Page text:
A Melbourne business owner has come up with a emoji-laden response after the Advertising Standards Bureau upheld a complaint against the company’s billboard advertisement due to the inclusion of the word “shit”.
Under section 2.5 of the advertising code, relating to inappropriate language, a complaint was issued to the board over a billboard from colonic irrigation clinic Aqua Health.
The billboard – promoting the company’s colonic irrigation services – read, “It’s ok to lose your sh*t sometimes because if you don’t you’ll end up full of sh*t”, followed by the company’s phone number.
The complaint issued to the advertising watchdog criticised the billboard for being “totally repulsive”.
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“I find this billboard highly offensive and totally repulsive with its close proximity to schools, there are hundreds of children a day being exposed to such a repulsive message with offensive language which I feel is unacceptable,” the complainant wrote.
In response, the business defended the advertisement, saying it “certainly wasn’t our intention to offend,” but mentioned it was “hard to predict what some people will take offence at”.
“Obviously, our poster was designed to employ a cheeky sense of humour to get its point across. (We’re a colonic irrigation clinic, and I would have thought there should be an opportunity to use a little humour to highlight the nature of our service.),” the business responded.
“We haven’t used any profane, offensive language. I thought we tiptoed around the subject quite artfully!”
However, the board upheld the complaint, saying while the statements “lose your shit” and “full of shit” were relevant to an audience seeking colonic irrigation, the phrases were “mildly aggressive”.
“In the context of a billboard for colon health the advertisement is not appropriate in this context particularly on a billboard that would be visible to a broad audience including children,” the board said.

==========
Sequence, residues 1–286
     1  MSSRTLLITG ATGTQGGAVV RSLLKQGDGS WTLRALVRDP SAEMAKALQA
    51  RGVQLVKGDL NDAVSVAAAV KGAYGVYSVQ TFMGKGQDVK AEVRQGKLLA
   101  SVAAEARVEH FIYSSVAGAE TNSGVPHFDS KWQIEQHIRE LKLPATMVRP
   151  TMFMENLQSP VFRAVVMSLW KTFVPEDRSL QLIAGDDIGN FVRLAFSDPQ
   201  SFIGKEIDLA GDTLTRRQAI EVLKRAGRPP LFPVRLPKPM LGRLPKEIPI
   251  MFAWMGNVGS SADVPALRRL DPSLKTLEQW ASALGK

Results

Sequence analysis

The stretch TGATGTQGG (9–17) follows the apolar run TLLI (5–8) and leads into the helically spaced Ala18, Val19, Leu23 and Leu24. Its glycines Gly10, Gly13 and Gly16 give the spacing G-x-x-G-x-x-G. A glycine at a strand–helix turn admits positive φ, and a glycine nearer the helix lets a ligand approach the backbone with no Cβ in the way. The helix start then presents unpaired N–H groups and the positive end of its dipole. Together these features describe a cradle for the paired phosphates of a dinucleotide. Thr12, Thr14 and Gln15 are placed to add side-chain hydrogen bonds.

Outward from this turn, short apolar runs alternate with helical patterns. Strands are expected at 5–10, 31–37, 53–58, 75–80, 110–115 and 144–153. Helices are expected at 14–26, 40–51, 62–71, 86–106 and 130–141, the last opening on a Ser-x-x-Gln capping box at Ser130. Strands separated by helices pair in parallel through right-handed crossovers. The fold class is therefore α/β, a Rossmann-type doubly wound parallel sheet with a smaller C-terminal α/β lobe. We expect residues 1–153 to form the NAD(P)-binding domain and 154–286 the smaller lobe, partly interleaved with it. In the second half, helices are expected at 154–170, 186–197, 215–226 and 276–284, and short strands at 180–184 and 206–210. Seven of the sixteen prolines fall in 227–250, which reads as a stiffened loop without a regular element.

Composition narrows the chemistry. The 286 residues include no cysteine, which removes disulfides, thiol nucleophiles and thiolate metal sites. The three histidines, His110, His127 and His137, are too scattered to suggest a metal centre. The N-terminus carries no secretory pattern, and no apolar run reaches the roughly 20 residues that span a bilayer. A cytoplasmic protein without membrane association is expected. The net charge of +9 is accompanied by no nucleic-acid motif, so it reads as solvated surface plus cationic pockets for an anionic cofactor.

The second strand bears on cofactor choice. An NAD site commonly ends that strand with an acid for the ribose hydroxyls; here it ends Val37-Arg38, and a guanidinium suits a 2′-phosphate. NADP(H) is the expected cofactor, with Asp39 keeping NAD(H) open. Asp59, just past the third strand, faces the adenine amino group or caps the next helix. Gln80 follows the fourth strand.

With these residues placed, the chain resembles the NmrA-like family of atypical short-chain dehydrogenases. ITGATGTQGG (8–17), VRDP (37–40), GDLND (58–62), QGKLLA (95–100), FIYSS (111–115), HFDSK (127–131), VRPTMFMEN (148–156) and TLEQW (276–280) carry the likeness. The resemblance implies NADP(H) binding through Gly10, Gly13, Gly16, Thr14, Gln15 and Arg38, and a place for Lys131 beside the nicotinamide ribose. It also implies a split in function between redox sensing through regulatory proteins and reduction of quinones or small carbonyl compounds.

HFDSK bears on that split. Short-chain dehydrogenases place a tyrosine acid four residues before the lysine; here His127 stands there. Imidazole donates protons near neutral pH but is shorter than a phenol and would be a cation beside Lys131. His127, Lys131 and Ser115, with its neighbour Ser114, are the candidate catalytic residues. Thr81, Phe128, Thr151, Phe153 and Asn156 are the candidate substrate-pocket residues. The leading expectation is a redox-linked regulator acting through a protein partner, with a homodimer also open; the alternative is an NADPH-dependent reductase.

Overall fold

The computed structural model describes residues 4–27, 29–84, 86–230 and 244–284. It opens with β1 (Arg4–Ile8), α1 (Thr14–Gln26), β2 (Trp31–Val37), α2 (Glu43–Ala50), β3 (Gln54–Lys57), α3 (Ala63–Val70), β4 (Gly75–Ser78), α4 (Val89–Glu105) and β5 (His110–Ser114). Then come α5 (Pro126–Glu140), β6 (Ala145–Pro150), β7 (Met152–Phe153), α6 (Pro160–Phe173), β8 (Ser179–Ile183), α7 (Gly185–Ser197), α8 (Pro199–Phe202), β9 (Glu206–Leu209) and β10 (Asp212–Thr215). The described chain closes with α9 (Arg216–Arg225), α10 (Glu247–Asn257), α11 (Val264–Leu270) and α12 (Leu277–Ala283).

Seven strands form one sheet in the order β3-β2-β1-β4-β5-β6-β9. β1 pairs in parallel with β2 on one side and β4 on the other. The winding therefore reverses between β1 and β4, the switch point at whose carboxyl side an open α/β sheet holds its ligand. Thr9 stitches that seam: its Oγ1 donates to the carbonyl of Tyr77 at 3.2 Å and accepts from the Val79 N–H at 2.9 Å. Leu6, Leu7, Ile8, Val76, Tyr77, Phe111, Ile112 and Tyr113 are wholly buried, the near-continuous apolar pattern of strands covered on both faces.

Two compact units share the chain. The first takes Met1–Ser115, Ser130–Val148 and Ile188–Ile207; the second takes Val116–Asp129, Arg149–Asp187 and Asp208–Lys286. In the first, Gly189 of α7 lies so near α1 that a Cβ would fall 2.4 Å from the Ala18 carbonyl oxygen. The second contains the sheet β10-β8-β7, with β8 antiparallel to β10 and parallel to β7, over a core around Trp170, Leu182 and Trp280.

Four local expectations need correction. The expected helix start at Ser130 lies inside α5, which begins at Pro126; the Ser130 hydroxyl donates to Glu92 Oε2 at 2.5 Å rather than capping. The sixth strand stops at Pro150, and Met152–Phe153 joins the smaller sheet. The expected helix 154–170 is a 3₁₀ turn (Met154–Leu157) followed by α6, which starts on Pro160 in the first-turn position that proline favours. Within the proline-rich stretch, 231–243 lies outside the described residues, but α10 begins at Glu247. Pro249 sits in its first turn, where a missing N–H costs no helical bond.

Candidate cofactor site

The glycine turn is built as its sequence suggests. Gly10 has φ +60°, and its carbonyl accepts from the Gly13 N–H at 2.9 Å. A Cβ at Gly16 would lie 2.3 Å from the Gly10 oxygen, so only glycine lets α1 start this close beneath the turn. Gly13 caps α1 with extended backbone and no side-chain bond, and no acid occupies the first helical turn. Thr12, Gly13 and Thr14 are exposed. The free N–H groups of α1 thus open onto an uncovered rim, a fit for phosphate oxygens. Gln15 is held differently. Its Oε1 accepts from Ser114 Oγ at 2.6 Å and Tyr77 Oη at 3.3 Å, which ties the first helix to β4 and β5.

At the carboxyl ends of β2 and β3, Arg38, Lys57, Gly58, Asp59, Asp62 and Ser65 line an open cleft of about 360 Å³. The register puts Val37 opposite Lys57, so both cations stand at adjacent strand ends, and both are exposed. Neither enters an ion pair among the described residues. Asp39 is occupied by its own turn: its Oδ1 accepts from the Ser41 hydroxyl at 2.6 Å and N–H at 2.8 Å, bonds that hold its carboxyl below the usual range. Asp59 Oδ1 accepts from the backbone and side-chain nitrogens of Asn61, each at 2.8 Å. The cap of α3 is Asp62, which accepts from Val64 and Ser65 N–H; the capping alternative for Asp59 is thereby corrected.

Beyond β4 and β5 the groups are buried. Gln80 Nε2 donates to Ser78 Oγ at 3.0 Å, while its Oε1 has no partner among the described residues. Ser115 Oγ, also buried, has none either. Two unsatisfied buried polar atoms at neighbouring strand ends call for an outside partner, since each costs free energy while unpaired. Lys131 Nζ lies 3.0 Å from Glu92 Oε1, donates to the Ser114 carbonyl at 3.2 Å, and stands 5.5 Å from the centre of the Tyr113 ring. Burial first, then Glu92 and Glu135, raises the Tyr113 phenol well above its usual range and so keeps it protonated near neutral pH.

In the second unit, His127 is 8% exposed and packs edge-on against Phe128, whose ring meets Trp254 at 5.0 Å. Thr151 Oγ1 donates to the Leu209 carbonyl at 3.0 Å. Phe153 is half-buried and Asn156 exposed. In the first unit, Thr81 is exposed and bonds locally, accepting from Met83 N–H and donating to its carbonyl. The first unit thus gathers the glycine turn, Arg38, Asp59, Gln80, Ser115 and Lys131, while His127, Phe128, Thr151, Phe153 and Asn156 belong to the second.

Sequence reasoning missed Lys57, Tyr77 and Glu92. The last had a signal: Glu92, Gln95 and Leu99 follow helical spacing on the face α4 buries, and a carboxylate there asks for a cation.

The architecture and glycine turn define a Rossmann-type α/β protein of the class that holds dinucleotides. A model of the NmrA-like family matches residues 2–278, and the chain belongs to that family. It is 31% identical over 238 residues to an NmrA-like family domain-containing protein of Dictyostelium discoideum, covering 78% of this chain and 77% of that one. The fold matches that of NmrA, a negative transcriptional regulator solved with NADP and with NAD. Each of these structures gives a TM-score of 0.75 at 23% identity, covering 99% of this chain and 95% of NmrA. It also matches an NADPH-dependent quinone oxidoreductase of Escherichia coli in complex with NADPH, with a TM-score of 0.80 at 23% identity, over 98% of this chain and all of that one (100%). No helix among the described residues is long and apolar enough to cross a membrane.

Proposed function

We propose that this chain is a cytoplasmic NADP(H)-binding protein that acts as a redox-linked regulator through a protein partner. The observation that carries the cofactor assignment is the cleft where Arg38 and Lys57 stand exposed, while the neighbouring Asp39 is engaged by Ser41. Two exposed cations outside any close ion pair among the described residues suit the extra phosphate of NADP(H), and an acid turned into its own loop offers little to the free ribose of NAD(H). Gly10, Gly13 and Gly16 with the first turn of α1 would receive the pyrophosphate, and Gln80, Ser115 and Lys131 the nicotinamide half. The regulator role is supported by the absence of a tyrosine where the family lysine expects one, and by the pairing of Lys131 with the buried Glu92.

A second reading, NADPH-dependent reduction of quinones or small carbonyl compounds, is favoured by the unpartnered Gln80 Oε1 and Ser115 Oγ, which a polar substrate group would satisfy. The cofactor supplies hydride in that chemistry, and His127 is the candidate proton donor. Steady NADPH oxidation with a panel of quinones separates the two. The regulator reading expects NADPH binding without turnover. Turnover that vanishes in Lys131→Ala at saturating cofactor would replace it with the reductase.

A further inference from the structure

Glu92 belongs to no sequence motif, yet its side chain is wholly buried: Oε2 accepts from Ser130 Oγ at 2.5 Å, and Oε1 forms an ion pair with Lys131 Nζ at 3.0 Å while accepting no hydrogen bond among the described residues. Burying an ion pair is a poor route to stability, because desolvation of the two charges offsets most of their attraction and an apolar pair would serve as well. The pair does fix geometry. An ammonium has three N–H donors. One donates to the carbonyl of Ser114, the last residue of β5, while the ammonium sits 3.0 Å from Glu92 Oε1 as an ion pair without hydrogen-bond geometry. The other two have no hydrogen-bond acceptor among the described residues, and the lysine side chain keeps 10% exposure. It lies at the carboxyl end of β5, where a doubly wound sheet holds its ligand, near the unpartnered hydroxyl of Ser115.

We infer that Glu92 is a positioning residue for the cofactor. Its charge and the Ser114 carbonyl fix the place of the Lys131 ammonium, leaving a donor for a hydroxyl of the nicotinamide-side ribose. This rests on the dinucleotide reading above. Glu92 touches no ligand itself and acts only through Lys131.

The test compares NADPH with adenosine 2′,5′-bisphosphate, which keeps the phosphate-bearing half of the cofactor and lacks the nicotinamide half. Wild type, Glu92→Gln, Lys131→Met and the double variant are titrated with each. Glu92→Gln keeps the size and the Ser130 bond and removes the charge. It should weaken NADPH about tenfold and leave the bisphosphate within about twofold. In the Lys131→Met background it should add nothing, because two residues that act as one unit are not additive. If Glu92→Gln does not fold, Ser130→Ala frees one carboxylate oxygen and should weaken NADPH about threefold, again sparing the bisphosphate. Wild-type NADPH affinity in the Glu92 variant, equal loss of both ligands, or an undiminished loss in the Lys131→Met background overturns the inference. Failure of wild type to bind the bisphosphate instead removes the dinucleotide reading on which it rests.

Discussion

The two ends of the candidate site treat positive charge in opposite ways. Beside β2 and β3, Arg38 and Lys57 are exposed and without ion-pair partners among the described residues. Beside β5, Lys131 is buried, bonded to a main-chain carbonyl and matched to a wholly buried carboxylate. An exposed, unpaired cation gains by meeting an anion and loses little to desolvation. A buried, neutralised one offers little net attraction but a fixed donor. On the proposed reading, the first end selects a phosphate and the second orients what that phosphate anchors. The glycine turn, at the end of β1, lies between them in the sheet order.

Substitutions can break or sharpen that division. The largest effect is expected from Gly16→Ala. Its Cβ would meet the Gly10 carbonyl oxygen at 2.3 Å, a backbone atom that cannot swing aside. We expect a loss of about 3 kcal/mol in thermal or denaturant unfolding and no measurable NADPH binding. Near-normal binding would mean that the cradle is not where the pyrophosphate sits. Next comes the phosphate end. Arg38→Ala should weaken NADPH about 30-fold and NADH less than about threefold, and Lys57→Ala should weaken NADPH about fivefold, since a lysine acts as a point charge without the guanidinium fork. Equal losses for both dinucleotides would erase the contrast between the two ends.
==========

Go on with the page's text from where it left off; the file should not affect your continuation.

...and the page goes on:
While the business has been ordered to take down the ad, in response to the final decision, the Aqua Health is has come up with a crafty alternative approach.
“It is my intent to replace the letters “sh*t” with an emoji,” the business said.
“The emoji is in everyone’s phone and is very commonly used.”
ASB inconsistent on swearing in ads
The business also highlighted other examples of companies employing swearing in advertising, including fashion brand FCUK, saying there were “plenty of precedents for this kind of humour”. The board has historically taken different approaches to individual ads when complaints over swearing or implied swearing have been made.
Earlier this year, hundreds of complaints were levelled against outdoor supplies retailer BCF for its ad telling customers they could be a “BCFing expert”. Additionally, insurance provider AAMI received a number of similar complaints about an advertisement with a family lost “up ship creek”.
Director at InsideOut PR Nicole Reaney believes it is difficult for the board to have a solid stance on swearing in advertisements due to “so many elements” which can come into play.
“Aspects like the location, product, organisation, context and portrayal of the word all impact in the way the public perceives and reacts to the advertisement. There is a line defending a brand’s creative domain and social values,” she tells SmartCompany.
“Brands that do want to incorporate swearing, should be mindful of the platforms utilised to promote the campaign and ensure it aligns to our nation’s social customs and language. In this case, being located directly near schools makes it vulnerable to complaints by parents and teachers.”
Reaney believes businesses should always look to test their advertising and marketing to be on the “front foot” for any potential complaints, however, she also believes businesses could easily do away with swearing in ads altogether.
“Brands can still portray cheekiness and humour without the use of swearing – it takes some creativity in the campaign, but it also means you don’t leave your organisation the risk and cost of having to defend and pull the campaign.”
SmartCompany contacted Aqua Health but did not receive a response prior to publication.